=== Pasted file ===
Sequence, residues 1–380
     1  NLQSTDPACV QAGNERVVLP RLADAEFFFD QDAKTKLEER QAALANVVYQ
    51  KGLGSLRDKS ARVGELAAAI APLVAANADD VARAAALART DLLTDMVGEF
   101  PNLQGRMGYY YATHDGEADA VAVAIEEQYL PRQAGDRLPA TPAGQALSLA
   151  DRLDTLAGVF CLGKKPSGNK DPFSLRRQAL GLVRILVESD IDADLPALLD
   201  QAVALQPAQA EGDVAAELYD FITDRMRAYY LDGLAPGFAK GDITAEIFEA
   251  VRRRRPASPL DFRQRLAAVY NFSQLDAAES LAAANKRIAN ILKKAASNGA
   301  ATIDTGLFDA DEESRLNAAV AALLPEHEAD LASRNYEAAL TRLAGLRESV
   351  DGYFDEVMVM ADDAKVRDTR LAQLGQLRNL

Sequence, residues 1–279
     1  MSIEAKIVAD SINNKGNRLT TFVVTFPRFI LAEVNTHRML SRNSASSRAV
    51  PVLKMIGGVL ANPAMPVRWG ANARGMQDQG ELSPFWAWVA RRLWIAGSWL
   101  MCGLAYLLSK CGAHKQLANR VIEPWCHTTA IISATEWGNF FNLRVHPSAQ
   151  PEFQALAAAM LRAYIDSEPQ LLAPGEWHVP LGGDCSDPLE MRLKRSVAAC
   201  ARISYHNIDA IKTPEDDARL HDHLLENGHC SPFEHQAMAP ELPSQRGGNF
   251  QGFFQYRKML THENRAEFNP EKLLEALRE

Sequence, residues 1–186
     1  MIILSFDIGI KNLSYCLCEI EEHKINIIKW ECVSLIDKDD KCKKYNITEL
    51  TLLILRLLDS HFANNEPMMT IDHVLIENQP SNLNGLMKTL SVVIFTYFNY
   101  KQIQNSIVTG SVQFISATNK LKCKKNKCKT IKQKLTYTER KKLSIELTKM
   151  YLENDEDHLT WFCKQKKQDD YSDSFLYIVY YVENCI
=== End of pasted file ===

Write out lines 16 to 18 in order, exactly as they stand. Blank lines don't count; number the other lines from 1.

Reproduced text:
   251  QGFFQYRKML THENRAEFNP EKLLEALRE

Sequence, residues 1–186
     1  MIILSFDIGI KNLSYCLCEI EEHKINIIKW ECVSLIDKDD KCKKYNITEL